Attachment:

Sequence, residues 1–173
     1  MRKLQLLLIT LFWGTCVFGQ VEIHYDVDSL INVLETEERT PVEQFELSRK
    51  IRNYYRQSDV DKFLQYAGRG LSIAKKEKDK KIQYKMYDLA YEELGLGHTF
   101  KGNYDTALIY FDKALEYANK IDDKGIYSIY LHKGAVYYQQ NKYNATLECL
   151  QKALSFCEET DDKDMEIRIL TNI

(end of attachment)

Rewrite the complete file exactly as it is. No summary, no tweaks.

Sequence, residues 1–173
     1  MRKLQLLLIT LFWGTCVFGQ VEIHYDVDSL INVLETEERT PVEQFELSRK
    51  IRNYYRQSDV DKFLQYAGRG LSIAKKEKDK KIQYKMYDLA YEELGLGHTF
   101  KGNYDTALIY FDKALEYANK IDDKGIYSIY LHKGAVYYQQ NKYNATLECL
   151  QKALSFCEET DDKDMEIRIL TNI